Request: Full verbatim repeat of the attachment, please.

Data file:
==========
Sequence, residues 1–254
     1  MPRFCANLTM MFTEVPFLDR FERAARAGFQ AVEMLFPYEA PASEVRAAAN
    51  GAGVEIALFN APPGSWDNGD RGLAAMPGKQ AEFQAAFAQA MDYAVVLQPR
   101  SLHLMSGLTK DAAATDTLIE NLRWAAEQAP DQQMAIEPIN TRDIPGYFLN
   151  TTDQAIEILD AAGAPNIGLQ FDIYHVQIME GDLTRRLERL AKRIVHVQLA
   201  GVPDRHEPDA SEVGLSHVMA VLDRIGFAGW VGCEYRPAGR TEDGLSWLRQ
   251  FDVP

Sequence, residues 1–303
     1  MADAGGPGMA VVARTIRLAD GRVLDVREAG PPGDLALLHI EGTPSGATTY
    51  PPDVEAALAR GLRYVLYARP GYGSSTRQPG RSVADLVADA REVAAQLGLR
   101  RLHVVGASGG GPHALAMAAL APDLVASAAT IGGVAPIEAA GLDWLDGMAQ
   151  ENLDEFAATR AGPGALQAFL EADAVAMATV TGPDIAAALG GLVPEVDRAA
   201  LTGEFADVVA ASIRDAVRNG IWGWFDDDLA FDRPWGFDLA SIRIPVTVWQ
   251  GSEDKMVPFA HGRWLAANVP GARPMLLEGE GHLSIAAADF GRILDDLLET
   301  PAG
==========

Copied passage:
Sequence, residues 1–254
     1  MPRFCANLTM MFTEVPFLDR FERAARAGFQ AVEMLFPYEA PASEVRAAAN
    51  GAGVEIALFN APPGSWDNGD RGLAAMPGKQ AEFQAAFAQA MDYAVVLQPR
   101  SLHLMSGLTK DAAATDTLIE NLRWAAEQAP DQQMAIEPIN TRDIPGYFLN
   151  TTDQAIEILD AAGAPNIGLQ FDIYHVQIME GDLTRRLERL AKRIVHVQLA
   201  GVPDRHEPDA SEVGLSHVMA VLDRIGFAGW VGCEYRPAGR TEDGLSWLRQ
   251  FDVP

Sequence, residues 1–303
     1  MADAGGPGMA VVARTIRLAD GRVLDVREAG PPGDLALLHI EGTPSGATTY
    51  PPDVEAALAR GLRYVLYARP GYGSSTRQPG RSVADLVADA REVAAQLGLR
   101  RLHVVGASGG GPHALAMAAL APDLVASAAT IGGVAPIEAA GLDWLDGMAQ
   151  ENLDEFAATR AGPGALQAFL EADAVAMATV TGPDIAAALG GLVPEVDRAA
   201  LTGEFADVVA ASIRDAVRNG IWGWFDDDLA FDRPWGFDLA SIRIPVTVWQ
   251  GSEDKMVPFA HGRWLAANVP GARPMLLEGE GHLSIAAADF GRILDDLLET
   301  PAG